And I understand the joy when they realized that they were right, but not at all in the way they thought they were.

Their betrayal and grief and uncertainty were real, that is.

But I can’t help but believing that resurrection is real-er.


There is no doubt that things are not as they should be.

And there is no doubt that they are not as God thinks they should be: we have a long scriptural tradition that tells us that God’s vision for the world is very much what the world is not.

But the resurrection gives us a revelation not just of what God’s vision is, but our invitation to be part of it, an invitation that we all too often refuse because we are afraid: we are afraid of the implications of our loyalty, of the implications of our betrayal, of the implications of our grief, of the implications of our disoriented sense of what is real, and what is not, of the implications of faithful living which could, and if we do it right almost certainly, will lead to our death in one form or another.

That is, the resurrection informs us that God’s vision for us, God’s agenda for us, God’s invitation to us is life, and that anything that stands in the way of it no longer is ultimate.

Life is more powerful than death.

Now that we know that death doesn’t win, that is, there is more to do with our lives than preserve them.


This morning, I told my son Karl that he reminds me of Easter all the time: he was supposed to die, I said.

And then Karl grinned, and said, in his slow, determined speech, “But I didn’t!“ and then went straight to his favorite Monty Python line, “I’m not dead yet!”

I just about died right then and there, by way of grateful laughter for my son.


I don’t know when God’s reign in its fullness will come.

But I have come to see resurrection, this defiant rejection of death and grief and despair, take place in real time, ‘joyful defiance,’ as I have come to call it, or ‘tangible Easter’ again and again and again and again.

And what has gotten me through the darkest of days are questions…and answers…born out of the cross and born out of the resurrection.

“Why have you forsaken me?” I have cried.

“I have not,” God’s replied.

“Where is God?” I have cried.

”I’m right here,” God’s replied.

And when I see death come my way, or in the way of those who deserve no harm, by way of actual death, or fear, or fatigue, or illness, or injuries, or injustice, or even just the taxing encounters of pettiness or the exhausting realities of adulting or the ridiculousness of the power plays of those who hold temporary political power, I rise up.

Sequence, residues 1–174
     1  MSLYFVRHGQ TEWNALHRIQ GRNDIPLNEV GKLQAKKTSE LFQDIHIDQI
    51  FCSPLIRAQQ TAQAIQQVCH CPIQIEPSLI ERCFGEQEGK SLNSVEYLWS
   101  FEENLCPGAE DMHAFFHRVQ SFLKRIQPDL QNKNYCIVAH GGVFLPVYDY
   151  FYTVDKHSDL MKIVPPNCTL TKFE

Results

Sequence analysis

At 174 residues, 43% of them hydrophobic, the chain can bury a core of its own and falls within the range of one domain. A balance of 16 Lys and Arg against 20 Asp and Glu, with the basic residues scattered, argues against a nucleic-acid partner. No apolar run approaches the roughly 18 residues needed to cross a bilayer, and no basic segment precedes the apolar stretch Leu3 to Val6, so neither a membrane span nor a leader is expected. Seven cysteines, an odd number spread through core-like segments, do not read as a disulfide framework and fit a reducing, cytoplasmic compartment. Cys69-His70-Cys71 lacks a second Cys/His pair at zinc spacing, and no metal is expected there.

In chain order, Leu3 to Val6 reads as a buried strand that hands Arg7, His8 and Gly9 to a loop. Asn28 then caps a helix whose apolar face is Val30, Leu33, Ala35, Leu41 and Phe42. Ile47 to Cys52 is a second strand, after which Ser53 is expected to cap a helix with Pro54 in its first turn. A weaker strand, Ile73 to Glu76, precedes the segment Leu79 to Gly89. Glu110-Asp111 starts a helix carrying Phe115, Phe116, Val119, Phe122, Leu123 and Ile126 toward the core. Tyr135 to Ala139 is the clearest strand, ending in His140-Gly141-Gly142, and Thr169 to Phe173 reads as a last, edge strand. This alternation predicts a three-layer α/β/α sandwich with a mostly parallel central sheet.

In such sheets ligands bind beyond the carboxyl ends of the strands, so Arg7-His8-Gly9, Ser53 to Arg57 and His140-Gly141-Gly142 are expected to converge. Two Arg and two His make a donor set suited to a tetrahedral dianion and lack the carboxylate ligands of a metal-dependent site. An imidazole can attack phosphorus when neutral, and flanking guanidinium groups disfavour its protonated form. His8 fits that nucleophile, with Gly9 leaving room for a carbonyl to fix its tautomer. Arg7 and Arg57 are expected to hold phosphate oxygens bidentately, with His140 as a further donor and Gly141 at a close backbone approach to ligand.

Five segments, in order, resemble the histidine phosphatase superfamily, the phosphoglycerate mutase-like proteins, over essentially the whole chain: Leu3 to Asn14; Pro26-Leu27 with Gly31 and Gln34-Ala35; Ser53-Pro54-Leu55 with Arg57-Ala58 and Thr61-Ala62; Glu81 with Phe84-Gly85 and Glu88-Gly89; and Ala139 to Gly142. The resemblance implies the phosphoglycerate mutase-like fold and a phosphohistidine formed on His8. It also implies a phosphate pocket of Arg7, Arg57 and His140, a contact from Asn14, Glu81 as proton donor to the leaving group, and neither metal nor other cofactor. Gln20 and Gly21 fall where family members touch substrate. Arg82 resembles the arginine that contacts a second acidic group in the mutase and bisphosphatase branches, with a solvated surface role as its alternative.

I rise up, I do.

I rise up, because I see death trying to tell me that it is coming for me, and that I should succumb to its power, and that torques me off.

It torques me off because death is not the way of God.

I know this, because if it were, Jesus would still be dead.

It torques me off because it lies, manipulatively telling me that I shouldn’t own my grief, own my loss, own my fear, because to do so is to admit weakness and doubt in God.

I know this, because Jesus cried out from the cross, and lived to see another day.

It torques me off because I can see how death entices me to tremble.

But I know that there is nothing I need to ultimately fear anymore, especially death, because Jesus is risen.

It torques me off because death shows its power, and says that there is no way for righteousness to win.

But I know that that’s exactly how death gains its power, but that in fact, it’s already lost it.

It torques me off because death has already taken so much, and I refuse to cede death another win.

I refuse.

In the name of God, and God help me, I will not give it that satisfaction.

I know that death has a word, but is no longer the last one.

I am freed, that is, to give death the raspberries, and carry on.


It is true that I may, on any given day, have a Jew in me, die Jüdin die immer noch auf den Messias warte.

And it is true that on any given day, I may not know what “Soon and Very Soon” means, and I am not entirely sure that God does either.

But I do know what hope means.

And I do know what defiance means.

And I do know what resurrection means.

It means that death is real.

And in spite, and to spite that truth, Life. Is. Real-er.

Doch, doch, und immer Doch!